Brewing History in Oregon
By all accounts, beer brewing in our state actually predates commercial hops production! In 1852, seven years before Oregon was a state, a German immigrant named Henry Saxer opened the Liberty Brewery in Portland. He was followed by Henry Weinhard, the well-known Oregon beer icon who took brewing in our state to a new level.
Though commercial success came with Weinhard, breweries dotted communities and towns all over Oregon. Many failed in early years, likely due to inexperience or poor management.
Concurrently, there was a storm brewing over behavior. People liked their drink, as well as their other vices. The story of national prohibition and the years that led up to the passage of the Volstead Act of 1919 is a familiar one: an active Temperance Movement, increased crime and corruption, black markets and speakeasies, and the destruction of local brewing industries. Oregon was dry five years before, with a 1914 Executive Order signed by Oregon Governor Oswald West announcing the passage of prohibition by ballot initiative.
It was a long dry spell until the national repeal came through in December 1933.
Henry Weinhardt died before prohibition, but larger businesses like the Blitz-Weinhardt company survived by using their factories to make sodas, fruit drinks, or non-alcoholic near beer. This last has an interesting sidenote: it was a popular illegal practice to inject alcohol through the cork of near beer, earning the doctored form the names “needle” or “spiked” beer.
After a lengthy Prohibition and increasingly processed food on American’s tables, consumer palates were used to bland flavors. People wanted lighter lagers and Big Beer provided beers produced with malt extracts, rice syrups for sweetness, and fewer hops. In the many years following prohibition there were few choices for people who wanted something different from Schlitz or Anheuser-Busch: imports or home brewing. In Oregon, where fresh local ingredients and a “do-it-yourself” mentality prevailed, by the late 1970s some were thinking seriously about selling their tasty creations.
The 1970s and 80s were decades of positive change and renewed growth. In October 1978, President Jimmy Carter signed H.R. 1337, which contained an amendment that created an exemption from taxation for beer brewed at home for personal or family use. Two years later, in 1980, the first true microbrew pub opened in Portland. Charles (Chuck) and Shirley Coury founded the Cartwright Brewing Company at 617 S.E. Main.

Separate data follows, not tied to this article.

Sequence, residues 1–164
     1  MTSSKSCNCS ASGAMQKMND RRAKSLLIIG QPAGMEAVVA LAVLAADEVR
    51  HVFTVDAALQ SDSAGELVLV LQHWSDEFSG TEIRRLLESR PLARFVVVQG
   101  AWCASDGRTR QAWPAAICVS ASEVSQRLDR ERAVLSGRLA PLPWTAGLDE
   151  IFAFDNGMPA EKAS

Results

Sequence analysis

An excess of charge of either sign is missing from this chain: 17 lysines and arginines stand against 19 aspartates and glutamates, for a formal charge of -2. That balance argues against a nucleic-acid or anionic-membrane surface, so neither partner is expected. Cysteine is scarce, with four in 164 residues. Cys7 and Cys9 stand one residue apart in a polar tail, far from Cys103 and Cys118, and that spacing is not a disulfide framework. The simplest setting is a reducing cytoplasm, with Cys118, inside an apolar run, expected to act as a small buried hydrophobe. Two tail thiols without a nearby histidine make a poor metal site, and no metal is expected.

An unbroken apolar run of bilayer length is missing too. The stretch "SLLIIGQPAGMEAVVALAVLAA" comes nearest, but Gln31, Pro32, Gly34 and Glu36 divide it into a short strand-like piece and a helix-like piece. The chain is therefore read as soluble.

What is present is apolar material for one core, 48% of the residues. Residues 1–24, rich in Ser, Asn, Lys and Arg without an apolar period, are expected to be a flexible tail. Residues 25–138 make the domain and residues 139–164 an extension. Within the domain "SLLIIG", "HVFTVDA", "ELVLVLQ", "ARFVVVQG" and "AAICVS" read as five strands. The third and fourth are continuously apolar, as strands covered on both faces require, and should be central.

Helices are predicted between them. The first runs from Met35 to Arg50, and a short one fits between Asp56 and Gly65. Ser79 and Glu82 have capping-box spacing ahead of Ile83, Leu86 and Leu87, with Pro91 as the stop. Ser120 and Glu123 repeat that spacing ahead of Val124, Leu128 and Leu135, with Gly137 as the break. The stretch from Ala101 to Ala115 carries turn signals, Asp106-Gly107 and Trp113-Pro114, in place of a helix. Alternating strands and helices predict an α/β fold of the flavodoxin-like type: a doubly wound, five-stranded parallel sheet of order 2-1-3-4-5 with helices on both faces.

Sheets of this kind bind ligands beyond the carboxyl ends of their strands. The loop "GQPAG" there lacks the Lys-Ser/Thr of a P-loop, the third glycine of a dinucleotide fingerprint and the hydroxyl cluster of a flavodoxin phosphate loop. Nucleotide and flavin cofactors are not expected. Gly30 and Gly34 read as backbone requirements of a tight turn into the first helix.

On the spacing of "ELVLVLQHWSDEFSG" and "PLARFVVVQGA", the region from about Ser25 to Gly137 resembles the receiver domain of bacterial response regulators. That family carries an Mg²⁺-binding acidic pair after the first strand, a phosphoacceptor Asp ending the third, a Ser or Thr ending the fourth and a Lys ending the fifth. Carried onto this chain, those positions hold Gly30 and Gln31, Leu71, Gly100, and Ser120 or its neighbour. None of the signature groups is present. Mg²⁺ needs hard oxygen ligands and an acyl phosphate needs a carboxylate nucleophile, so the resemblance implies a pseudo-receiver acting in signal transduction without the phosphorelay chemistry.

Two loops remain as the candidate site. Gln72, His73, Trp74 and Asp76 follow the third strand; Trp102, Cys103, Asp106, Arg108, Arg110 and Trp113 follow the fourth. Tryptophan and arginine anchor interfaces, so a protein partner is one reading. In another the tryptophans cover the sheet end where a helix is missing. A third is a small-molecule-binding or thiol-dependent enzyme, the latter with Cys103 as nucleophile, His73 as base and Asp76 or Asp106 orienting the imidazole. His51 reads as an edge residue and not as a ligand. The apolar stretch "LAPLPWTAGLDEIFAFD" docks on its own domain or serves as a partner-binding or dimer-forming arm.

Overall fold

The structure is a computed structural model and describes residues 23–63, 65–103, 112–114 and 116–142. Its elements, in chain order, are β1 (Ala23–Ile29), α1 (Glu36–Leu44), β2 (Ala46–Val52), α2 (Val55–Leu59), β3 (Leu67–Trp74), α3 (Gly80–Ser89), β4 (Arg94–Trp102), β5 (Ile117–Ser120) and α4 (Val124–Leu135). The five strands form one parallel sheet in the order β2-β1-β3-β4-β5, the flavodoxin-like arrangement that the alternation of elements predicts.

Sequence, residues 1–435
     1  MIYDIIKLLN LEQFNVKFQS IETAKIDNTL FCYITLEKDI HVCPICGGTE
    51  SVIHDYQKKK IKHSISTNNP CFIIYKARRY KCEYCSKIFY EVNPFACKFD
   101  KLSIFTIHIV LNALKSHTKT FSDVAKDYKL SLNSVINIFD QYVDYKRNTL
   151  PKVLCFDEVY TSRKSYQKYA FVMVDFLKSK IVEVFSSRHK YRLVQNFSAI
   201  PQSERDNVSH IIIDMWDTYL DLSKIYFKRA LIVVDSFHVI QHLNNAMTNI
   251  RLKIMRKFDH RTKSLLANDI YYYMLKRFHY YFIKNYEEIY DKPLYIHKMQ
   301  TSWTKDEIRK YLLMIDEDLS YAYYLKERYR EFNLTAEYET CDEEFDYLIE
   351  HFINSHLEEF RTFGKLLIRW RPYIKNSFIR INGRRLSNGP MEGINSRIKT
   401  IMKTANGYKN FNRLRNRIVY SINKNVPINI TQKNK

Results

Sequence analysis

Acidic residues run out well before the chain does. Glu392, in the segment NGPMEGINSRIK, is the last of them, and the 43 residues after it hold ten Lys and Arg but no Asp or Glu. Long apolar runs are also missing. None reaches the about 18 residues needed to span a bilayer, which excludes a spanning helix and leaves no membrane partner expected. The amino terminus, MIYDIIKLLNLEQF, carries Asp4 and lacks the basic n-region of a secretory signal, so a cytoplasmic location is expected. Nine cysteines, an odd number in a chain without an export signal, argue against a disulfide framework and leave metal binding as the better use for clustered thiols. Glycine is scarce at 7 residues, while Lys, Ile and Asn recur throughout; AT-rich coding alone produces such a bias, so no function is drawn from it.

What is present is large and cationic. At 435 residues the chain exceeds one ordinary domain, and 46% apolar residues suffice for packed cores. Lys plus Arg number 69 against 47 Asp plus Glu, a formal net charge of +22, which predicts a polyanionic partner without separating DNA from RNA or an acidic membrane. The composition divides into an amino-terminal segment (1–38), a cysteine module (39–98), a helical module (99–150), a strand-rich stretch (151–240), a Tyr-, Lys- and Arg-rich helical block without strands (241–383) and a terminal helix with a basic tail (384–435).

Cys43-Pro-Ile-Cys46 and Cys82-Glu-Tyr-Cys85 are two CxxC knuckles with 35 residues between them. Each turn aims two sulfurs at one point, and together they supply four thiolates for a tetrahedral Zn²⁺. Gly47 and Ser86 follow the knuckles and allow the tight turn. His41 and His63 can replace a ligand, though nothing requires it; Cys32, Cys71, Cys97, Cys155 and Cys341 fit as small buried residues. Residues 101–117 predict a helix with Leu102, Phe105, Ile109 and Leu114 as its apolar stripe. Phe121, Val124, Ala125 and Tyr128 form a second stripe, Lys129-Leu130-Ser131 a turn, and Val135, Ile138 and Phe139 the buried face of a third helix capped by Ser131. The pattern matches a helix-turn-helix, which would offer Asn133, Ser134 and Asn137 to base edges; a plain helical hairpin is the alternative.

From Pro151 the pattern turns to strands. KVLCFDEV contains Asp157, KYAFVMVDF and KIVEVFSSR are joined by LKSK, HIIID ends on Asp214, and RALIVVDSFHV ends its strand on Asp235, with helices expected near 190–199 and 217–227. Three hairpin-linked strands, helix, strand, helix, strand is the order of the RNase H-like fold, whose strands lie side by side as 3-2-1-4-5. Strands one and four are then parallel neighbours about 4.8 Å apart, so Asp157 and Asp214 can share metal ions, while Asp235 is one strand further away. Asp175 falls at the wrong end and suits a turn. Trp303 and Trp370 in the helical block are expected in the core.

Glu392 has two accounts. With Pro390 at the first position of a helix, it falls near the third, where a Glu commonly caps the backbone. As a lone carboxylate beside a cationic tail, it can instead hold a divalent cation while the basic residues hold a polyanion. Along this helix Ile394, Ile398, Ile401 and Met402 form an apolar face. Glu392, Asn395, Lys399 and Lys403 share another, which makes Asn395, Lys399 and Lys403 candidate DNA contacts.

The Courys operated their own winery for fifteen years before turning to beermaking. The pub closed in 1981 after problems with quality. But it was when Dick and Nancy Ponzi, local winemakers, teamed up with Karl Ockert, local brewer, in 1984 to establish the BridgePort Brewing Company that things really got exciting.
That same year Kurt and Rob Widmer, tired of looking for beer they liked in the U.S., turned their hobby into their vocation and started their own brewery. The brewery officially opened in April, 1984 in an industrial section of NW Portland as the Widmer Brothers Brewing Company. Look around today and you might say that the idea of microbreweries really caught on.
The fact that we even have these “brewpubs” is thanks to that same small group wanting to share and sell their brews. In the early 80s a brewer couldn’t sell their beer directly to a customer on site where the beer was brewed; instead, it had to be sold through a distributor. They worked together to change the concept of a “brewpub,” arguing that selling beer at a brewery wasn’t different from selling wine in a tasting room. In 1985 Oregon’s brewpub law passed, allowing for the brewing and dispensing of beer on the same premises. And that same year Mike and Brian McMenamin opened Oregon’s first brewpub in SW Portland, the Hillsdale Brewery & Public House. 1986 saw the opening of the fourth microbrewery in Oregon when Art Larrance and Fred Bowman founded the Portland Brewing Company.
The next 10 years saw slow growth because banks were reluctant to fund these endeavors… And customers weren’t entirely sure they wanted to try this stuff! But the early successes of breweries like McMenamins, Bridgeport, Widmer inspired many to continue to try and by the early 1990s, the industry was exploding. However, like the fates that befell many of those early brewing pioneers, poor management and inexperience meant that many didn’t survive. Enter OSU’s Fermentation Sciences program.
Food science and studies on fermentation have long been a part of research at OSU, but since the establishment of the Fermentation Science program in 1995 OSU has been a leader in its education and training of new brewers.
The years that followed saw a new generation of craft brewers. They were trained at OSU or in the region’s larger craft breweries, and now are opening small and independent breweries in local neighborhood communities, serving unique and creative beers. Oregon is at the forefront of the movement, celebrating local food and having a big impact on the local economy. The Oregon Brewers Guild reports that the economic impact of the brewing industry in 2012 was $2.83 billion, employing 29,000 people. Even more exciting is the growth in the craft industry. In 2013 there were 154 craft brewing companies, operating 192 brewing facilities in 63 cities in Oregon. They employed 6,400 people and added 900 jobs since 2011.
Over the past 30 years the Willamette Valley has been at the epicenter of a “craft-brewing renaissance” – with Portland affectionately nicknamed “Beervana” and the “Munich on the Willamette” – and that movement links brewing work to historic styles and traditional ingredients.